With a nostalgic heart yearning for values I witnessed in my childhood, I want to share a story from radio broadcaster Paul Harvey.  Mr. Harvey was a commentator known for “The Rest Of the Story.” Years ago, Harvey addressed this in a most beautiful way with a broadcast entitled “Dirt Roads.”  

“What’s mainly wrong with society today is that too many dirt roads have been paved. There’s not a problem in America today — crime, drugs, education, divorce, delinquency — that would not be remedied, if we just had more dirt roads, because dirt roads give character.  

People who live at the end of dirt roads learn early on that life is a bumpy ride. That it can jar you right down to your teeth sometimes, but it’s worth it, if at the end is a home with a loving spouse, happy kids and a dog. 

We would not have near the trouble with our educational system if our kids got their exercise walking a dirt road with other kids, from whom they learn how to get along. 

There was less crime in our streets before they were paved. Criminals did not walk two dusty miles to rob or rape, if they knew they would be welcomed by five barking dogs and a double-barrel shotgun. And there were no drive-by shootings. 

Our values were better when our roads were worse. 

People did not worship their cars more than their kids, and motorists were more courteous: they did not tailgate by riding the bumper or the guy in front would choke you with dust and bust your windshield with rocks. 

Dirt roads taught patience. 

Dirt Roads were environmentally friendly, you did not hop in your car for a quart of milk, you walked to the barn for your milk. For your mail, you walked to the mail box.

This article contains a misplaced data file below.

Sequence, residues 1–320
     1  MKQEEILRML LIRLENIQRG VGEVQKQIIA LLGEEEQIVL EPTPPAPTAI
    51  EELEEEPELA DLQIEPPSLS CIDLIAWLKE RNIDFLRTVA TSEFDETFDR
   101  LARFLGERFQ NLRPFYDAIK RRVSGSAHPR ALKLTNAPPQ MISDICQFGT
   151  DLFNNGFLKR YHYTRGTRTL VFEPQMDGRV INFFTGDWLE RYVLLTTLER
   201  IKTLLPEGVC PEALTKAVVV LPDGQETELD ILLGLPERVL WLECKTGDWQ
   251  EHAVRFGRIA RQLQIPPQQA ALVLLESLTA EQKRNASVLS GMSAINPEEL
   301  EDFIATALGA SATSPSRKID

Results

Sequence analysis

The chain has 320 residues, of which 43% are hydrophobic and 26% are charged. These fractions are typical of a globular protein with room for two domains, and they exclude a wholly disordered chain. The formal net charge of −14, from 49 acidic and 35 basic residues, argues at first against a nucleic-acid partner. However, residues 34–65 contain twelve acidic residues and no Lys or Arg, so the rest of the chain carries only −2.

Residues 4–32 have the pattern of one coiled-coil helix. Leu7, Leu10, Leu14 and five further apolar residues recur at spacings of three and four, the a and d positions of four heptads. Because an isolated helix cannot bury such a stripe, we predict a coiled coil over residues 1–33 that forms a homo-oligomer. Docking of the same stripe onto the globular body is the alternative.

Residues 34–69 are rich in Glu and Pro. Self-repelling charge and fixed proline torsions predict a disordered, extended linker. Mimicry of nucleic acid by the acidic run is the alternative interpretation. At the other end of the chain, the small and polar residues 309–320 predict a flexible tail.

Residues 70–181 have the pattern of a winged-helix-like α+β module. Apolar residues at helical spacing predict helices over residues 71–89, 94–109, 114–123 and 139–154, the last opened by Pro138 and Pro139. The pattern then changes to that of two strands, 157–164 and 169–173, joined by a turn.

What if it rained and the dirt road got washed out? That was the best part, then you stayed home and had some family time, roasted marshmallows and popped popcorn and pony rode on daddy’s shoulders and learned how to make prettier quilts than anybody. 

At the end of dirt roads, you soon learned bad words tasted like soap. 

Most paved roads lead to trouble; dirt roads more likely lead to a fishing creek or a swimming hole. At the end of a dirt road, the only time we even locked our car was in August, because if we did not some neighbor would fill it with too much zucchini.

At the end of a dirt road, there was always extra springtime income, from when city dudes would get stuck, you would have to hitch up a team and pull them out. Usually you got a dollar; always you got a new friend — at the end of a dirt road.”

I hope this will cause you to recall your childhood; mostly I hope it will cause you to recall values.

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